The problem could be characterized simply: there were scoping problems and too many references to what were essentially magic strings. The solution, then, was to move the database object reference from global to local scope within the application code and to eliminate the problem of magic strings. Additionally, it's a good idea to avoid polluting the namespace with an over-reliance on constants, and using those constants for database calls can also become unsightly and difficult to follow as those constants could end up being generally disconnected from the objects they're associated with.

There turned out to be a nice, object-oriented, very PHP-like solution to this problem: a so-called "magic method" named "__call". This method is invoked whenever an "inaccessible" method is called on the object. Using this method, a database command executed on a non-database object could pass the command to the database object itself. If this logic were placed within an abstract class, the collection could then be specified simply as a configuration option in the inheriting class.

This is what such a solution could look like:

``````<?php

abstract class MyBaseObject {

protected \$db = null;
protected \$collection_name = null;

public function __construct() {
global \$db;

\$this->db = \$db;
}

public function __call(\$method_name, \$args) {
if(method_exists(\$this->db, \$method_name)) {
return \$this->executeDatabaseCommand(\$method_name, \$args);
}

throw new Exception(__CLASS__ . ': Method "' . \$method_name . '" does not exist.');
}

public function executeDatabaseCommand(\$command, \$args) {
\$collection = \$this->collection_name;
\$db_collection = \$this->db->\$collection;

return call_user_func_array(array(\$db_collection, \$command), \$args);
}
}

class UserManager extends MyBaseObject {
protected \$collection_name = 'users';

public function __construct() {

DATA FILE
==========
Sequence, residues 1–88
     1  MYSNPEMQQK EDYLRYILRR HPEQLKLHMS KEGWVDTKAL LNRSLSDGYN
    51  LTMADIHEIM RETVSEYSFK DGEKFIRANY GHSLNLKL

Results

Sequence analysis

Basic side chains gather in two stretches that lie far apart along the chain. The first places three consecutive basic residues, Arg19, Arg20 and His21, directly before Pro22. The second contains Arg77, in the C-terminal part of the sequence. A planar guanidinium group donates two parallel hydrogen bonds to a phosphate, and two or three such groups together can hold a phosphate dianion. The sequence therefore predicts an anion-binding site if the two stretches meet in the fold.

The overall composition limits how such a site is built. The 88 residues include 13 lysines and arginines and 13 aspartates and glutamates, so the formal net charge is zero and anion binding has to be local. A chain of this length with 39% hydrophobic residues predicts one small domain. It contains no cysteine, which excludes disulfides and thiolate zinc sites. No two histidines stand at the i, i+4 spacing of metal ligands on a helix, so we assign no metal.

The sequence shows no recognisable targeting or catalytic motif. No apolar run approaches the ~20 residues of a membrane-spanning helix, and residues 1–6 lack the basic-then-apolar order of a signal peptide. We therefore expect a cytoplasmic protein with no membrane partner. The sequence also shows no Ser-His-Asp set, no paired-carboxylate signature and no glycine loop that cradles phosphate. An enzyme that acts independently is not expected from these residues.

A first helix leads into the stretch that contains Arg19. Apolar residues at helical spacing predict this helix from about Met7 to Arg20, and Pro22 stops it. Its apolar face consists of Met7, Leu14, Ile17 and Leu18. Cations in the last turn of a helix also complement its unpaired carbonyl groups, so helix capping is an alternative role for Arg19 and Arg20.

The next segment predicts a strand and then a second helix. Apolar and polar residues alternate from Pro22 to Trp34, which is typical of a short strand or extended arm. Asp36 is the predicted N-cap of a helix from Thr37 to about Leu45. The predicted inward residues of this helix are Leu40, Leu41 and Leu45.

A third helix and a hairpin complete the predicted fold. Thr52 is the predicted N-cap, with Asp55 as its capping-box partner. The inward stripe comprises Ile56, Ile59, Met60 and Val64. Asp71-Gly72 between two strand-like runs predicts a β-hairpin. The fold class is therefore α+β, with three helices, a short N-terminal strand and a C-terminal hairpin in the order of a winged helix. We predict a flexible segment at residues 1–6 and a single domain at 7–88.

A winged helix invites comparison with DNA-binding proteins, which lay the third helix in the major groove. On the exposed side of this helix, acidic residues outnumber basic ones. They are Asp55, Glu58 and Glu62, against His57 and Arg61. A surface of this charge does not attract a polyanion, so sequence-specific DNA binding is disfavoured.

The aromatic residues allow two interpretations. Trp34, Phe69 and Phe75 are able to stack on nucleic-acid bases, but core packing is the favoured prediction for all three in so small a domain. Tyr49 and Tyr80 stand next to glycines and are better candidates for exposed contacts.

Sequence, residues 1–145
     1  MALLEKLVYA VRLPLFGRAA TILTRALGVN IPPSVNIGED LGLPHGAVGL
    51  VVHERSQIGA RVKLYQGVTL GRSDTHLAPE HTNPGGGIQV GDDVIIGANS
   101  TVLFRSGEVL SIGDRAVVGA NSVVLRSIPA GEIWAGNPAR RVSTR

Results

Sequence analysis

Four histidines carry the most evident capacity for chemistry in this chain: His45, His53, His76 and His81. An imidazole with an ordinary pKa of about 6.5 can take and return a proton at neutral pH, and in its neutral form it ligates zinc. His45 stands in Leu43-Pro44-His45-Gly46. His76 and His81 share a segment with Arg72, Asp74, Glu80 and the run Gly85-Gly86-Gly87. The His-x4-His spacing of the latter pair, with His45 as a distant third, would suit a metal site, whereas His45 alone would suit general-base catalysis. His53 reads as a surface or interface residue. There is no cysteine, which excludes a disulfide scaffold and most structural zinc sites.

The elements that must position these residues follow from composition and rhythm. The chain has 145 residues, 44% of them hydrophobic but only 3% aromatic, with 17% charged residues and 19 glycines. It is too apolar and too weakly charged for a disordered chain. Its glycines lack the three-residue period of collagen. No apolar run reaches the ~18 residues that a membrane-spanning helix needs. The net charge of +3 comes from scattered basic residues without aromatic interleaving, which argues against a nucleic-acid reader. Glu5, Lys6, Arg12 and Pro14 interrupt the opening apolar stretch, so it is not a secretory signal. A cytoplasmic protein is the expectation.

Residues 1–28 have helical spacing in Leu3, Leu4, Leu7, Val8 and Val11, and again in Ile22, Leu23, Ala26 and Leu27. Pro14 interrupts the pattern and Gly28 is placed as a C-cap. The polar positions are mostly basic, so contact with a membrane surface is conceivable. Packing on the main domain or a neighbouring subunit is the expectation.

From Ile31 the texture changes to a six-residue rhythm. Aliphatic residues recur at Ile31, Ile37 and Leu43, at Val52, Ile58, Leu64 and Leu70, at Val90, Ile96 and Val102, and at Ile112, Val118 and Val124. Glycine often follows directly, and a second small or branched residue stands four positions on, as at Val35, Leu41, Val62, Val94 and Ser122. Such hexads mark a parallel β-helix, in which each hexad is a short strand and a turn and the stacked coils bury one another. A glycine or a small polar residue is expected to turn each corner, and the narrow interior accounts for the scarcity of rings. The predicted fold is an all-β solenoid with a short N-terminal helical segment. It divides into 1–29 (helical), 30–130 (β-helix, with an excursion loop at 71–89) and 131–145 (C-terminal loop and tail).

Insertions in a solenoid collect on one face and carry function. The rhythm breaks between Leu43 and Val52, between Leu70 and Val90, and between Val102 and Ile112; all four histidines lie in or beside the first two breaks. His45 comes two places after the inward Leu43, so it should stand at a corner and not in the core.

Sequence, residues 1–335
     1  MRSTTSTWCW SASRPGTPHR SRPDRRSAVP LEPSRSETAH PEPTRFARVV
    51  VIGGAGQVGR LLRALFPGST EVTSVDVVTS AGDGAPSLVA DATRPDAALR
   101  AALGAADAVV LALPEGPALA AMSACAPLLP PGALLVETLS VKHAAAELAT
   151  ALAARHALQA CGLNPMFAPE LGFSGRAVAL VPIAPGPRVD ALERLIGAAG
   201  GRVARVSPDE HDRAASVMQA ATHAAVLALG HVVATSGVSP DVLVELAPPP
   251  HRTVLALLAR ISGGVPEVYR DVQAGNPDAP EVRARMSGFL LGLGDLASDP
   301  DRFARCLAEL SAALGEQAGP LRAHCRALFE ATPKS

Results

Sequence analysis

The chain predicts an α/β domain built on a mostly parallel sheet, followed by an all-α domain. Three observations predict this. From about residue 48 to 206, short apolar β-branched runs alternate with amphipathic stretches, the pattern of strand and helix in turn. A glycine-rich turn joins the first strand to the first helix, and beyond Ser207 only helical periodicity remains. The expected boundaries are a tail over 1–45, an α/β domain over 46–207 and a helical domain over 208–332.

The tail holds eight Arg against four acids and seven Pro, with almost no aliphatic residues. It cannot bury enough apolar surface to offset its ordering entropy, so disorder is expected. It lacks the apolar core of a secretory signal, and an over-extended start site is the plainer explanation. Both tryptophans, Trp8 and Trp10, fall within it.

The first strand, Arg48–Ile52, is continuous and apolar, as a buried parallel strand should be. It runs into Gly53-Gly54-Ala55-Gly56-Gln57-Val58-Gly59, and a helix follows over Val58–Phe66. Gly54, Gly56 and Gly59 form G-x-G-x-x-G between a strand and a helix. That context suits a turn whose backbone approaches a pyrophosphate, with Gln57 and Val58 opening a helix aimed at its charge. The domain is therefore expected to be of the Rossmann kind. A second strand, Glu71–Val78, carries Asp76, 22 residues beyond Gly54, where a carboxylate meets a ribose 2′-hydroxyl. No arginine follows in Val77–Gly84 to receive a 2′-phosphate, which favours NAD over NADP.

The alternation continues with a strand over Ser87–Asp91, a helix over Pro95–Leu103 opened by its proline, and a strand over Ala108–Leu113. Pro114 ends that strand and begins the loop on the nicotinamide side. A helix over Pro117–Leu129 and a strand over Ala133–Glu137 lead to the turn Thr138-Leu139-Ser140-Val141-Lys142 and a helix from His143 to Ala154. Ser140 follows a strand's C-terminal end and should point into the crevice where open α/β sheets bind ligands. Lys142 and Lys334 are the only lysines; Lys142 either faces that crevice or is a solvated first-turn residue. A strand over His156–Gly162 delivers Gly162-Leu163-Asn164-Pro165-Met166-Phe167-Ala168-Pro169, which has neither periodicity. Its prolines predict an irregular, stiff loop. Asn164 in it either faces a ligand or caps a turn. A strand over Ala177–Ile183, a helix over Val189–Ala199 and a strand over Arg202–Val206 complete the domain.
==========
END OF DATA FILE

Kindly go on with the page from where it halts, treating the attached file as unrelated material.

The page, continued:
parent::__construct();
}
}

\$user_manager = new UserManager();

?>
``````

This solution utilizes a single parent object which transforms a global database object reference into a local one, eliminating the scope issue. The collection name is specified as a class property of the inheriting object and only used in a single place in the parent object, eliminating the magic string and namespace polluting issues. Any time you perform queries on users, you do so by using the `UserManager` class, which guarantees that you will always know that your queries are being performed on the objects that you intend. And finally, if the collection name for an object class ever needs to be updated, it's a simple matter of modifying the single instance of the class property `\$collection_name`, rather than tracking down some disconnected constant.

Limitations

This, of course, doesn't solve all of the existing problems. After all, executing the database queries for one object directly from another is still pretty bad practice, violating the principle of separation of concerns. Instead, those queries should generally be encapsulated within object methods and the objects themselves given primary responsibility in handling associated data. It's also incredibly easy to inadvertently override a database method, e.g. defining a `findOne()` method on `UserManager`, so there's still some mindfulness required on the part of the programmer.

Still, given the previous alternative, this is a pretty major improvement, especially for an initial refactor.

Final Thoughts

As always, technical debt is both necessary and inevitable. After all, in exchange for not taking the excess time and considering structuring my code this way in the beginning, I had greater initial velocity to get the project off of the ground. What's important is continually reviewing your code as you're building on top of it so that you can identify bottlenecks as they begin to strain your efficiency, and getting those bottlenecks out of the way.

In other words, even though technical debt is often necessary and is certainly inevitable, it's important to pay down on some of that debt once it starts getting expensive!

8. # An informal look at the concept of reduction (alternatively: problem-solving for beginners).

Preface One of the most common questions I see from prospective programmers and computer scientists is "where should I start?". My answer to that is a pretty consistent one: learn how to solve...

Preface

One of the most common questions I see from prospective programmers and computer scientists is "where should I start?". My answer to that is a pretty consistent one: learn how to solve problems effectively. But that's vague and not really all that helpful, so I figured that I should actually tackle this in a little more depth by touching on something more specific.